I was excited to learn of my cousin Ciara Phillips’ nomination for the 2014 Turner Prize. It was even more exciting to attend the September 29 opening at Tate Britain of the exhibition of the four finalists. I have followed Ciara’s career from afar and witnessed the evolution of her art over the years. So, it was a very special occasion to see her work in real time and to be part of the celebration. Ciara is the first Canadian-born artist nominated for the Turner Prize. She lives and works in Glasgow.
In the announcement of the nominees for this year’s award, the British press has been commenting on the range of media employed by the finalists including video, found film footage and photographs, screen print and textile, and the spoken word. Quite an eclectic mix of stimuli and materials greet the viewer as one passes from one exhibition to another.
Working on her own, or in collaboration with others, and often with a strong focus on social activism, Ciara draws on her skills as a screen-print maker (on paper, photographs, textiles), photographer and designer. One of this year’s judges was quoted as saying that what was constant in Phillips’ work was “…an incredibly strong graphic sensibility, a really vibrant use of colour and a sense of humour.”
What stands out about Ciara is her interest in approaching art as a social engagement. She collaborates with other artists and at times with individuals or groups active in addressing social issues. Ciara’s Turner Prize nomination was based on her solo exhibition at the Showroom, London, were she created a print studio [Workshop (2010-ongoing) 2013] and invited other artists and designers as well as members of an advocacy group, Justice for Domestic Workers (J4DW), to be part of the creative process. J4DW is an organization of immigrant domestic workers in Britain. One outcome of the workshop was the creation of a number of banners one of which was used later in the day at a rally of domestic workers and is still being used by the organization.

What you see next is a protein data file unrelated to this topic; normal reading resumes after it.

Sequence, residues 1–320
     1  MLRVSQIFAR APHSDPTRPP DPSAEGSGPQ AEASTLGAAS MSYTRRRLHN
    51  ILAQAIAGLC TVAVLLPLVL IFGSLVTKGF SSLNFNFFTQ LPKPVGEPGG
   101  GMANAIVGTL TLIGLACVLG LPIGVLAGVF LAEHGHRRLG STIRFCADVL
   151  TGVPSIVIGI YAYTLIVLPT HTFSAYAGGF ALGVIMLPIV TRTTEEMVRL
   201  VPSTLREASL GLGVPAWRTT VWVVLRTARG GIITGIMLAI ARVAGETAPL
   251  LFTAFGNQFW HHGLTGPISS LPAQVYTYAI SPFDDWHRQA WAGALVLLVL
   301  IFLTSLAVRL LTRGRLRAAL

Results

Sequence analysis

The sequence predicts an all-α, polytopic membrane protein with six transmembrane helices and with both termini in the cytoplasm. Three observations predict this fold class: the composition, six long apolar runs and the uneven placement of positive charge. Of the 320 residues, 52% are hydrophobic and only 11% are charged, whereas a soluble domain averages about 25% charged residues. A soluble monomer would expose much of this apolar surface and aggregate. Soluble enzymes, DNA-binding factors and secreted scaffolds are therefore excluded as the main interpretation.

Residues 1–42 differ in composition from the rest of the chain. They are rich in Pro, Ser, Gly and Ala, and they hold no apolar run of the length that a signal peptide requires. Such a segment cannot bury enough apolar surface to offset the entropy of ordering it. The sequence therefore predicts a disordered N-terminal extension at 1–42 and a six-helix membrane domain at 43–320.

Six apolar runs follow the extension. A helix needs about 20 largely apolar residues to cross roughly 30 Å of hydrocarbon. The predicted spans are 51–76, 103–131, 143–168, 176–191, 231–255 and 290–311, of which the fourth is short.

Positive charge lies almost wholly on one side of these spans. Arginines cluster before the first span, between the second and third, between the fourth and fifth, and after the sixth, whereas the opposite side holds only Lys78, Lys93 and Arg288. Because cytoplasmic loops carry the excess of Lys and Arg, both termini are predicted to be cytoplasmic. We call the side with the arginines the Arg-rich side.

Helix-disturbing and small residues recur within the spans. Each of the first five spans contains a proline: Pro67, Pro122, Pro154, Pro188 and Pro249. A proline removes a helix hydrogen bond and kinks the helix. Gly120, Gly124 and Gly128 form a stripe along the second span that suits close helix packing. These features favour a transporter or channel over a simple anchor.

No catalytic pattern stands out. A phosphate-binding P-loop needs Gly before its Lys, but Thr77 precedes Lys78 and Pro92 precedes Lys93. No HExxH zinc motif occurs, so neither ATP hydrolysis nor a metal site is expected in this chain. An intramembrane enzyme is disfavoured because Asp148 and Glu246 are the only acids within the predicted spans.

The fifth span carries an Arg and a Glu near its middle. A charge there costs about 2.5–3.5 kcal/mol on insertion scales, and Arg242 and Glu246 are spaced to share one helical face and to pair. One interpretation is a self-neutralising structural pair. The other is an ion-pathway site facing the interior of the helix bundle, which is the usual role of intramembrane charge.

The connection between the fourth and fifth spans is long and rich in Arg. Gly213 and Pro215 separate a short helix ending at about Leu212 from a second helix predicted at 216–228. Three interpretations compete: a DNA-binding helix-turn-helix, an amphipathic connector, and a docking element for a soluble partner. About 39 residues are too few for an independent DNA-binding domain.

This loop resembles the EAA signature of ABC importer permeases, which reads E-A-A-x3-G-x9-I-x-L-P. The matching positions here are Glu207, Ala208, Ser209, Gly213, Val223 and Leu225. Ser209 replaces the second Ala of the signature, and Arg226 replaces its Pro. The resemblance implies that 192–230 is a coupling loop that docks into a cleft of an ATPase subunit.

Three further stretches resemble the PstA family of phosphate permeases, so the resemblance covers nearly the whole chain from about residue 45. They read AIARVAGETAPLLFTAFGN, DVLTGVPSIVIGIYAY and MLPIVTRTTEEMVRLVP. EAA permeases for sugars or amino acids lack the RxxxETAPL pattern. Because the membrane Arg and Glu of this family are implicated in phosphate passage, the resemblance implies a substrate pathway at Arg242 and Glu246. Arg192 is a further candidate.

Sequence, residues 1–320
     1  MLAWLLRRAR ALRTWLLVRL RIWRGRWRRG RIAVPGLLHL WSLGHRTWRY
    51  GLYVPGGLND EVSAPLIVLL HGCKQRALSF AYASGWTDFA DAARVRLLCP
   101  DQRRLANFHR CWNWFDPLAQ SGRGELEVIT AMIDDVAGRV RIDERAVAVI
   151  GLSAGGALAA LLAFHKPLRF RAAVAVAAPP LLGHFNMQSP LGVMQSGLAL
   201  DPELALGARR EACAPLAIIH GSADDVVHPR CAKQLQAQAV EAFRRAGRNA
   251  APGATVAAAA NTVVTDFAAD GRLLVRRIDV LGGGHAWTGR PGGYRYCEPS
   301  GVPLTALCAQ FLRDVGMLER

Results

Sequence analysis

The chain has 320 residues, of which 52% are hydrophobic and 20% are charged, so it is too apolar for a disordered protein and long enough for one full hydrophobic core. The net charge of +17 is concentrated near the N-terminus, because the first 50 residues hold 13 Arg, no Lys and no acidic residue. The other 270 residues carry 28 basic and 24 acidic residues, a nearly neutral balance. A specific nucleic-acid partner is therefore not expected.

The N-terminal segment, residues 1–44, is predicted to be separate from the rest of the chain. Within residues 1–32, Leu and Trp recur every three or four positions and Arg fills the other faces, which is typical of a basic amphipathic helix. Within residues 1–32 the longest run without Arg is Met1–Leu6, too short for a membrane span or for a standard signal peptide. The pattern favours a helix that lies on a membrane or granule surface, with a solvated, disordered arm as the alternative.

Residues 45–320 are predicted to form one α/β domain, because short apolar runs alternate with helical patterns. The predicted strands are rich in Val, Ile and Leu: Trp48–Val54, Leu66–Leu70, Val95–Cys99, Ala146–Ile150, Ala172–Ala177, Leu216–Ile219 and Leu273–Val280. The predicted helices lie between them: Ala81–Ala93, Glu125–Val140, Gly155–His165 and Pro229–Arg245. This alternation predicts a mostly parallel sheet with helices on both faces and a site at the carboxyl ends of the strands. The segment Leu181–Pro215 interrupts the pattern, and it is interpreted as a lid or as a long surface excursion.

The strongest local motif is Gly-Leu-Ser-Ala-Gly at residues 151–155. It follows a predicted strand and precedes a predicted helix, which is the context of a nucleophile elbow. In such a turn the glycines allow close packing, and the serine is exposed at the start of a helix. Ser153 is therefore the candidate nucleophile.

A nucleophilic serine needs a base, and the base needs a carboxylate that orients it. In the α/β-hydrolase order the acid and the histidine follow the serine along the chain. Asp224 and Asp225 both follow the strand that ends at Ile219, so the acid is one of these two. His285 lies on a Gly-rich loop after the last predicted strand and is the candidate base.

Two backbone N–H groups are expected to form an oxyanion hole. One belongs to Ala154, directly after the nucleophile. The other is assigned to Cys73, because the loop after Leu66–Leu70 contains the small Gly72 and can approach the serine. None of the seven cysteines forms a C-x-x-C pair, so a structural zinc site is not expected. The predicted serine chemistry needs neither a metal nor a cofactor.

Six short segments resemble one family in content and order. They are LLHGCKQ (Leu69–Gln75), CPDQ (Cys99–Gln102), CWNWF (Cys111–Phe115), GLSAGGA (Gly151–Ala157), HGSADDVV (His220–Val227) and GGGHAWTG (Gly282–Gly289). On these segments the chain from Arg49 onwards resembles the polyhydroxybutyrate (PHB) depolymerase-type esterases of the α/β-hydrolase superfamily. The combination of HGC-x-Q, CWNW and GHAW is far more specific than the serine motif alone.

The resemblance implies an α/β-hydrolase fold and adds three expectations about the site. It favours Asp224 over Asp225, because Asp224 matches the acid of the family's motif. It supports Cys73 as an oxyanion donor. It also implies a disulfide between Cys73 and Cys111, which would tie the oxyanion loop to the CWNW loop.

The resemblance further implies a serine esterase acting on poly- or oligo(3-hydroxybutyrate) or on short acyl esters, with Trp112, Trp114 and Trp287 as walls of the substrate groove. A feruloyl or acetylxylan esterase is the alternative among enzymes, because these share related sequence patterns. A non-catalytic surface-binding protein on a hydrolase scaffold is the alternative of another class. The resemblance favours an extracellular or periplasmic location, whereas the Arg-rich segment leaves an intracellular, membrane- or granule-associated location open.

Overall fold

The exhibition limitations at Tate Britain did not allow Ciara to replicate an activist-centred environment that she is best known for. She opted instead to provide a demonstration of her artistic practice with elements of previous work in a highly charged landscape of color. Her print making takes center stage with hundreds of handmade prints on paper that cover the gallery walls – floor to ceiling. This full-on treatment of multi-colored prints and the resulting abstract patterns that are created further showcase her strong design and color skills.
I enjoy Ciara’s sense of humour and the way she challenges us with her minimalist approach to communication. In her work she will often use the single letters K, N, O and place them individually in a field of vivid color hues, often displayed in a group of two. Once you have enjoyed the visual effect you are left to determine if a message was intended.
With her nomination Ciara joins an internationally recognized group of artists who over the years (1984 to the present) have fascinated the art world through various media and not without some controversy. Among previous nominees of particular interest to me are: Gilbert and George, Damien Hirst, Gillian Wearing, Chris Ofili, Mike Nelson, and, Jake and Dinos Chapman.
I share the opinion reproduced below, expressed by one gallery-goer and left on the comment board provided by Tate Britain.
To be given public recognition and honoured in mid-career for your life’s passion is a remarkable accomplishment. No matter which of the four nominees receives the award they each will be able to take pride in the fact that their work is receiving the attention of the international art world.
The exhibition of Turner Prize finalists will continue at Tate Britain until January 4, 2015. The prize will be awarded on December 1, 2014.